But I want to go back to this idea of nature versus nurture. We’ve got two birds and we have one bird that seems to have a clearly natural advantage, being fully baked, so to speak. And yet the advantage the baby bird who was born blind, without feathers, unable to care for themselves, has, is their parents, is their community, is how they’re nurtured. They’re able to not only catch up, but exceed their precocial counterparts. And I was thinking about this related to juvenile justice and what youth need, especially in situations related to violence, related to a lack of resources, related to the current systems that exist today. And I just always remember the work that I have done on housing, and specifically fair housing, and the fact that if you have kids who don’t have a consistent place to stay, who don’t have three meals a day, or whatever amount of food would keep them satiatedsated, who don’t have a sense of safety in their basic needs, of course, they aren’t going to develop at the same rate as kids who do. And this is coming back to a very simple idea, which is, that if we really want to address these large social problems, that we discuss and define, it’s not something essential in the nature of people that we’re changing, but rather the conditions they’re subject to and the care they receive.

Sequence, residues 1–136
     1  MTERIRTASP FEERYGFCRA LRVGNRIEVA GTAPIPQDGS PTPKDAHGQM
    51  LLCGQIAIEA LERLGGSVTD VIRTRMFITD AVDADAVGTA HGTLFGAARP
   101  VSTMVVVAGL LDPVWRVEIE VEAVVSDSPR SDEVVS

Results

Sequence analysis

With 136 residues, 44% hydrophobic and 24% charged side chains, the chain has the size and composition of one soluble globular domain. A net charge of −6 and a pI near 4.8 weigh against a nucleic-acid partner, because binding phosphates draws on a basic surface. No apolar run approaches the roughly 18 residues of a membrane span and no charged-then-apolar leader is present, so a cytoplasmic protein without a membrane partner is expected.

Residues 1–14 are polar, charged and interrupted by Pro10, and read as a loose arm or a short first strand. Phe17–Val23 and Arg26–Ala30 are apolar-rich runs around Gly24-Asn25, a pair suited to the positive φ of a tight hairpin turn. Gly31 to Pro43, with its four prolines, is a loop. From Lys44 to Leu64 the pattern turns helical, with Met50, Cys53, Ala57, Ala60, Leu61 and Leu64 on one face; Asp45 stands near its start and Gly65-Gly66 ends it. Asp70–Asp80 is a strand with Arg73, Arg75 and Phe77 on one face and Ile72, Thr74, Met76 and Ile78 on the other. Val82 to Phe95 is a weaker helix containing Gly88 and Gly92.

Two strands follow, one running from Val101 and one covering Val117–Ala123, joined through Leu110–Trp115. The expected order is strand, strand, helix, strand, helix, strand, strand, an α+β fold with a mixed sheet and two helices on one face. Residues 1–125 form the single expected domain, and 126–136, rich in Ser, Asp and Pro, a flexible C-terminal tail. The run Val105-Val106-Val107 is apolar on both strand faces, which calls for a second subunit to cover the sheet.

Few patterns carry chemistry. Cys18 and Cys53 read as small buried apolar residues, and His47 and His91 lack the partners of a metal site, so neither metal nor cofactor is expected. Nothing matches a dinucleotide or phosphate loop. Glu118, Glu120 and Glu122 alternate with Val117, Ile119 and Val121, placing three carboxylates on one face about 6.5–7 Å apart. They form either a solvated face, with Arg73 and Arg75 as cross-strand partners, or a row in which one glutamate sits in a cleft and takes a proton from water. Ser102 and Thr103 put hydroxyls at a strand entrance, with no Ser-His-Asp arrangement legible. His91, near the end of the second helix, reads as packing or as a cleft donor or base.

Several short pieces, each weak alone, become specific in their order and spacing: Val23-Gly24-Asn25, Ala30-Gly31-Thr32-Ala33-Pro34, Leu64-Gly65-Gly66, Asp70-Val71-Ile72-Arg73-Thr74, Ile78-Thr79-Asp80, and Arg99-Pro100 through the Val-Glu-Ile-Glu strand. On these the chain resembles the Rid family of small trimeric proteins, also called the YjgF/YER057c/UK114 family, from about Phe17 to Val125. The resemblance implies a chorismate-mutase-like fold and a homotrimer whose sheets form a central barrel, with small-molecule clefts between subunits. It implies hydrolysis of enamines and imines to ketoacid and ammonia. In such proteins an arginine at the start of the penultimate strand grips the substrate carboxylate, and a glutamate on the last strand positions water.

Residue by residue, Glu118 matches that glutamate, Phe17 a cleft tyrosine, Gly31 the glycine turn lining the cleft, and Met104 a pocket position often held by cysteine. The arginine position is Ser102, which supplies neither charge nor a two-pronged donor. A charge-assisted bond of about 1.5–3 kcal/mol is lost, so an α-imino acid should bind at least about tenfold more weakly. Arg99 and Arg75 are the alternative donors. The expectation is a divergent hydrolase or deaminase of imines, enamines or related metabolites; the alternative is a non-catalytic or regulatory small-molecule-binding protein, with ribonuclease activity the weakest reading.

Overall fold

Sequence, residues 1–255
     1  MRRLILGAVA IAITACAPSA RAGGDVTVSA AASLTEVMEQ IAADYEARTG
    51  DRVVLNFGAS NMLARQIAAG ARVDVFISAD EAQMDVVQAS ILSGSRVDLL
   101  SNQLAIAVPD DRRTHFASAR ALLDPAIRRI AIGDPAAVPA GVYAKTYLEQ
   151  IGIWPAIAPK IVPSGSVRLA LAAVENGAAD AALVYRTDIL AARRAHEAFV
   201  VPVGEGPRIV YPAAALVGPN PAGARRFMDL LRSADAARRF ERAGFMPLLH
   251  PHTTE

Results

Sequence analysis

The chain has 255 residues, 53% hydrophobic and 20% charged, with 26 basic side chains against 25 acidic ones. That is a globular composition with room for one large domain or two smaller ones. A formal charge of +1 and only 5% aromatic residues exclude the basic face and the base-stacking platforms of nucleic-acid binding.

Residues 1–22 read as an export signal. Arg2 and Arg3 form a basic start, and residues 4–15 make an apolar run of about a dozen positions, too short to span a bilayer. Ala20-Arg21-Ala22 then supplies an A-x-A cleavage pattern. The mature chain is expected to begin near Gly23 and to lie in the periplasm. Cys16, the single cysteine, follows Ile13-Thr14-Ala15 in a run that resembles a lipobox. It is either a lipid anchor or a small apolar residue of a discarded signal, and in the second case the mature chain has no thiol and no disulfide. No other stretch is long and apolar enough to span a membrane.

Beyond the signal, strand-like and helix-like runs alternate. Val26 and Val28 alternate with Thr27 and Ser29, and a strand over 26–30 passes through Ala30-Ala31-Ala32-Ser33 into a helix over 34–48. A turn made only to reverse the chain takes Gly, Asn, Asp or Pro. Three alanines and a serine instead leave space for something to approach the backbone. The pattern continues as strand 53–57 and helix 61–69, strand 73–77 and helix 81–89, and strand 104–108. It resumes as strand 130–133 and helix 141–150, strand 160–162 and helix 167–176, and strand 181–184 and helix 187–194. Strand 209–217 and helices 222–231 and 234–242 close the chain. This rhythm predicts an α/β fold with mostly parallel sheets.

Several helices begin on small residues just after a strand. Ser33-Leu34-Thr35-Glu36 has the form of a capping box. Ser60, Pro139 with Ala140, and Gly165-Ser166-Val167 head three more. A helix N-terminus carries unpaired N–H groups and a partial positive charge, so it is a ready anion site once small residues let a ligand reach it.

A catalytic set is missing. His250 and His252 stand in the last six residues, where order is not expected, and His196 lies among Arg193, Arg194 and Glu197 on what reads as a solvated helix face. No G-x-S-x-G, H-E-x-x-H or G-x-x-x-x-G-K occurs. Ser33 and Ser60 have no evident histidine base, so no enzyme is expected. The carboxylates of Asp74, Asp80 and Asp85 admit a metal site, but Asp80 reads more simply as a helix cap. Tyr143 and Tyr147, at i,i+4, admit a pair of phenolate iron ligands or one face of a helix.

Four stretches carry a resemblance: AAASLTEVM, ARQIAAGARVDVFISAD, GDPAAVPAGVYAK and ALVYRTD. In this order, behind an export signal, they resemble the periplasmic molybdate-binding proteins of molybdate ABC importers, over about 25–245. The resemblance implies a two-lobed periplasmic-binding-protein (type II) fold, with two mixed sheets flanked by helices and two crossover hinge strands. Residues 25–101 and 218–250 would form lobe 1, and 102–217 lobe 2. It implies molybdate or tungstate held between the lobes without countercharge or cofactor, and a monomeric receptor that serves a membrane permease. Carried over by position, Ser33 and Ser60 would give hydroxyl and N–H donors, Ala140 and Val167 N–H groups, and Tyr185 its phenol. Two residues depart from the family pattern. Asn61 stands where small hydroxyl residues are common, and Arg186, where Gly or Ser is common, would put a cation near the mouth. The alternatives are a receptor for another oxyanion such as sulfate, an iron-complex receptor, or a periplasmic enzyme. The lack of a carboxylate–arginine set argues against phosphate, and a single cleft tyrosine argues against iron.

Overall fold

Where this comes up for me also is in an essay from Carvell Wallace about parenting during the pandemic. It’s called “Trying to Parent My Black Teenagers Through Pandemic and Protest”. And there’s just this moment in the essay that I think encapsulates a point I’m trying to make here, which is as Wallace writes, “I told my children that one of the most important questions you have to answer for yourself is this, do I believe in loving everyone, or do I believe in loving myself and my people? I told them that their mother and I had made our choices, but we could not decide for them what kind of people they would be”. We often talk about kids in the juvenile justice system, in detention centers, as having been left behind. Do we ask meaningfully who is leaving them behind and on what pretense? In the larger discussion, there are lots of conversations about the role of parents, the role of fathers, whether they’re present, whether they’re absent but there’s this bigger question, which is for those of us looking in on the outside, making judgments and analyzing the conditions of this group of so called left behind kids, do we believe in loving everyone, or do we only believe in loving ourselves and our people? Do we see those at- risk youth as our people? Are we caring for our young, our aAltricial young? When human babies are born, they can’t do anything for themselves. They’re as vulnerable as any human can be. What are we doing for them? How are we showing them care?